Lawmakers are demanding NBA players terminate sponsorship contracts with Chinese companies whose cotton supply chains have been linked to forced labor in China’s northwestern Xinjiang region.
“Americans can’t and shouldn’t conduct business with companies and players that profit through human slavery,” Republican Pennsylvania Rep. Scott Perry told Politico. “And that includes NBA players — they can’t sign endorsement deals and benefit off slave labor.”
Perry and other Republican lawmakers including Wisconsin Rep. Tom Tiffany, Texas Rep. Ronny Johnson and Florida Rep. Greg Steube are pressuring the Treasury Department’s Office of Foreign Assets Control to place NBA players’ Chinese sponsors on a blacklist prohibiting U.S. citizens from doing business with them, Politico reported.
“If they didn’t know [their corporate sponsor] sourced slave labor cotton from Xinjiang, that’s one thing,” Perry told Politico. “But if they do know … they are complicit with slavery.”
The bipartisan Congressional-Executive Commission on China is also probing commercial relationships between NBA players and Chinese sportswear companies Anta, Li-Ning and Peak over their alleged use of forced labor in cotton supply chains.
Commission co-chairs Democratic Oregon Sen. Jeff Merkley and Democratic Massachusetts Rep. Jim McGovern sent a letter request to the National Basketball Players Association in June urging the players’ union to “push these companies to end their use of Xinjiang cotton … [or] encourage players to end their endorsement deals with these companies.”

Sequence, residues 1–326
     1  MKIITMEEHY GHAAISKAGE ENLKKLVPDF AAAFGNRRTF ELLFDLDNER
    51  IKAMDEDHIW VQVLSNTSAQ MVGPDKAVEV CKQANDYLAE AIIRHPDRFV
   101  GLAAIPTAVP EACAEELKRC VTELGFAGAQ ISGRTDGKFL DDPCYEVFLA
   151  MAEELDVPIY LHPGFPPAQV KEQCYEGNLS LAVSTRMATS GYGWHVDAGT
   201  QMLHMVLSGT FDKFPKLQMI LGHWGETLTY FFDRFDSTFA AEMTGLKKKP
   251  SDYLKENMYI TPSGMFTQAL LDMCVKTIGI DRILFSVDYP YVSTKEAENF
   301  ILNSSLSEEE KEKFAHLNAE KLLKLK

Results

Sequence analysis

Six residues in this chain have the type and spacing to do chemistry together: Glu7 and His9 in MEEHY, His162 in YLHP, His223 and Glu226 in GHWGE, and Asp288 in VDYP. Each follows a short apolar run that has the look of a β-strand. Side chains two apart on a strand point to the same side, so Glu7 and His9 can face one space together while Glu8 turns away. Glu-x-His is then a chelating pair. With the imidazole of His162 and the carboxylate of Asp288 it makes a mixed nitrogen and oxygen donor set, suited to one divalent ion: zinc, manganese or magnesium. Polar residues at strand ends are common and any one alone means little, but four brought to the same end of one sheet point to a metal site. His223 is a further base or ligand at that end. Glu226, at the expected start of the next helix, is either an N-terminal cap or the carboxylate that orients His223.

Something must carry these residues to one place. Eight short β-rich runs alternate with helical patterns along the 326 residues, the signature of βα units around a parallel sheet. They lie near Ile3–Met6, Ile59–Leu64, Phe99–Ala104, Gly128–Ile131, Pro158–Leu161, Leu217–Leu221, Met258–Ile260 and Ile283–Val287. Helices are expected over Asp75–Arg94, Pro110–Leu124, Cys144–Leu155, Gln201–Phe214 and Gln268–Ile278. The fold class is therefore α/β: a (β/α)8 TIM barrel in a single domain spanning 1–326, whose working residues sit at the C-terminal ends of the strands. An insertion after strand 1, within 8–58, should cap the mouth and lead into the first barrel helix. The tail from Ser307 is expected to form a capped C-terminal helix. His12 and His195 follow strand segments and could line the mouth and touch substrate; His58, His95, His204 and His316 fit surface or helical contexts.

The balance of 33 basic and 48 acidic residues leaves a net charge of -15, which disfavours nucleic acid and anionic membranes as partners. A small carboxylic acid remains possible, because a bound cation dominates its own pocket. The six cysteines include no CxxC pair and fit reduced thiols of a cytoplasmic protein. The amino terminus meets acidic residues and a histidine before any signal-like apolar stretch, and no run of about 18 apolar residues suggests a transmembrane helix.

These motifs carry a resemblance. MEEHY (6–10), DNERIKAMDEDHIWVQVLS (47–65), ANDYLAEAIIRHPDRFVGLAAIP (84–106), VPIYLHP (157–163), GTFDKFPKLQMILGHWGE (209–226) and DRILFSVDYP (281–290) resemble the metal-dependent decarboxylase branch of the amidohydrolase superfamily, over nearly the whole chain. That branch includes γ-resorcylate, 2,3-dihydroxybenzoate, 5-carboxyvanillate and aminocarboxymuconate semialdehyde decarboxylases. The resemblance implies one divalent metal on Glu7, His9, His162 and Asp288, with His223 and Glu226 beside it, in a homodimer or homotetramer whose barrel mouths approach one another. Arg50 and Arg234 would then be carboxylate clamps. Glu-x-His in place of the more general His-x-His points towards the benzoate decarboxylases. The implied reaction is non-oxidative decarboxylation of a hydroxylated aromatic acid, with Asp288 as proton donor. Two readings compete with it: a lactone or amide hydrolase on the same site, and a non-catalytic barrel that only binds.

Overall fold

A group of 13 current NBA players have sponsorship deals with Anta and Li-Ning, according to Politico. The list includes Miami Heat forward Jimmy Butler, Portland Trail Blazers guard CJ McCollum and Golden State Warriors shooting guard Klay Thompson.
Dwayne Wade, retired Miami Heat player and part-owner of the Utah Jazz, signed a lifetime endorsement deal with Li-Ning in 2018, according to Bleacher Report.
Perry told Politico that U.S. consumers should use their purchasing power as a means to persuade NBA players to terminate contracts with the Chinese companies. (RELATED: Ban On Goods Made With Forced Labor Slows Clothing Imports)
“If you learn that NBA players are profiting off slave labor, don’t buy their apparel,” he said. “If their income from these endorsement deals start to dwindle, they’ll get the point.”
Xinjiang is a major hub for cotton production in China, and a number of Western companies are reliant on cotton supply chains sourced in the region. China produces around one-quarter of global cotton supplies, and 84% of cotton produced in the country comes from Xinjiang, the BBC reported.
China in recent years has detained up to 2 million Uyghur Muslims and other ethnic minorities in re-education camps, according to Axios. Both the U.S. government and human rights groups have raised concerns about minorities in the Xinjiang region being sent to forced labor camps.
The outgoing Trump administration in January banned imports of cotton produced in Xinjiang in an attempt to eliminate forced labor from domestic supply chains. The Senate passed the Uyghur Forced Labor Prevention Act in June that would further ban imports from Xinjiang, despite pressure from companies such as Apple and Nike.